No other notebook -- not even one from NEC's trailblazing Versa line -- offers as many mix-and-match drive and battery options as Fujitsu's LifeBook E350. If you can afford these extras, you can configure this attractive 8.2-pound desktop replacement in dozens of ways, depending on your computing needs. Unfortunately, Fujitsu's spotty record on support and notebook reliability prevents us from recommending its portables for now.
We're also not crazy about the LifeBook's ErgoTrac -- a big round button that takes the place of a touchpad -- because we suspect that some users will find it hard to master. And the E350's mouse buttons are hard plastic slivers that our thumbs missed nearly every time.
On the positive side, we found the E350 easy to type on, once we got used to the slightly rounded wrist rest (which at first gave our hands the sensation of being pushed away). The LifeBook's brightness slider, one of its better features, beats the pants off standard hot-key combinations for screen adjustments. We also loved its LED status indicator. Located at the top of the keyboard, it reports on notebook activities with easy-to-see flashing letters.
The LifeBook accommodates a wide range of devices thanks to the two multipurpose bays on its front. The left bay accepts the floppy drive; the right bay takes a DVD-ROM drive, LS-120 drive, Zip drive, or second hard drive (all sold at extra cost). Either bay will hold the CD-ROM drive or a battery, an unusually flexible arrangement. According to Fujitsu, all the options can be hot-swapped and shared across the E series of notebooks.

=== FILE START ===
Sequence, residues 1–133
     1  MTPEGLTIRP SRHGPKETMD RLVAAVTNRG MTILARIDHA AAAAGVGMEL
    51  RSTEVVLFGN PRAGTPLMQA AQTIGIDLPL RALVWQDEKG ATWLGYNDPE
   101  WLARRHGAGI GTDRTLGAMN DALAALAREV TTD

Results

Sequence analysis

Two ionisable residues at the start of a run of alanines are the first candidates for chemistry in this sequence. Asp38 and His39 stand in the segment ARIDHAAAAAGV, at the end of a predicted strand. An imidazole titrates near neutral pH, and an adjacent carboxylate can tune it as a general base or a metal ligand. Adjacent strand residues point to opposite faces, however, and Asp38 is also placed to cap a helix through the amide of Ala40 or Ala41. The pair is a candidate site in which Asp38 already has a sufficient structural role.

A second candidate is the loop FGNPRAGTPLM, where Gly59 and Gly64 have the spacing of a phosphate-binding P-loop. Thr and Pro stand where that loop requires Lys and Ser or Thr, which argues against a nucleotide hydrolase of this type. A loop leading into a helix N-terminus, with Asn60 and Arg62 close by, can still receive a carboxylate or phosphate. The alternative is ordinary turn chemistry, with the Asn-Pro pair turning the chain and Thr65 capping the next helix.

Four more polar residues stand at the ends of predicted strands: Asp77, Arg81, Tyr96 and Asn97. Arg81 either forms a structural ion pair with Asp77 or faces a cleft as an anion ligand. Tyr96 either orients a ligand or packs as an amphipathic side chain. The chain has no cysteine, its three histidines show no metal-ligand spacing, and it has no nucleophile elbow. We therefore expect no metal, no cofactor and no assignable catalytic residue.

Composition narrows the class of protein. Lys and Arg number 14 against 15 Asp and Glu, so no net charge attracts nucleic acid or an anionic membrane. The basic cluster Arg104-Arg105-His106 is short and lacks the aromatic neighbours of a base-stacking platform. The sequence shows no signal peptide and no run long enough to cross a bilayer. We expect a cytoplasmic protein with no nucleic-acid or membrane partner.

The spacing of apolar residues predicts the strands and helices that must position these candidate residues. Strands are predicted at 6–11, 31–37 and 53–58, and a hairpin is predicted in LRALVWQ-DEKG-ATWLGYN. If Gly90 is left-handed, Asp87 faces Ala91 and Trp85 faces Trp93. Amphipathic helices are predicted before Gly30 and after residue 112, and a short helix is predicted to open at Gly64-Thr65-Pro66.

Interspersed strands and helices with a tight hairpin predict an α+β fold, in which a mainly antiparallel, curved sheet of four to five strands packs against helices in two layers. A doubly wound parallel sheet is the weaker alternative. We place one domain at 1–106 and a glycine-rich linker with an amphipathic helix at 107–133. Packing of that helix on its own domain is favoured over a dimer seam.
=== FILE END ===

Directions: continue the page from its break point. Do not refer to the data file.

We haven't tested any similarly configured notebooks, but the E350's PC WorldBench 98 score of 146 is about what we'd expect from a PII-300 equipped with Windows 95 and only 32MB of RAM.
A useful "Getting Started" foldout guide labels parts of the notebook, lists the utilities, and provides tips on how to optimize battery life. The thorough user guide includes a glossary, a big troubleshooting section, and lots of helpful illustrations.
Horsepower in hand
Yeee-haw! AMS Tech's Rodéo 1010CT is a frisky little filly whose long-lived battery will let you ride the range half the day before heading back to the ranch. She's a mite homely, with a gray, boxy finish, and she's not built to take lots of extra accessories. You'll have to scrape by with less documentation and shorter support hours than those big-city companies offer, too -- that's why the Rodéo doesn't make our chart. But those are the only burrs under our saddle. For a Pentium II-300 with a DVD-ROM drive and an active-matrix screen, $2495 is pretty durn good. The Rodéo's basic design includes fixed DVD-ROM and floppy drives, so you can't swap in other options. The Rodéo's touchpad and keyboard worked just fine, but we noticed that the keys have a loose, springy sound and feel to them, giving us a slight case of the yips about its durability. Screen resolution is limited to 800 by 600, but that's not a problem unless you have a hankerin' for every last millimeter of desktop or spreadsheet.
The Rodéo's stereo speakers, which are located near the notebook's hinges, deliver that sheriff's star sound -- slightly tinny. We cottoned to AMS Tech's unique solution for adjusting audio, though. Instead of a dial, three function keys -- for turning the sound up, down, and off -- make controlling volume from the keyboard as easy as falling off a horse.
Beyond the top 10
Back to the top
© 2000 Cable News Network. All Rights Reserved.
Terms under which this service is provided to you.
Read our privacy guidelines.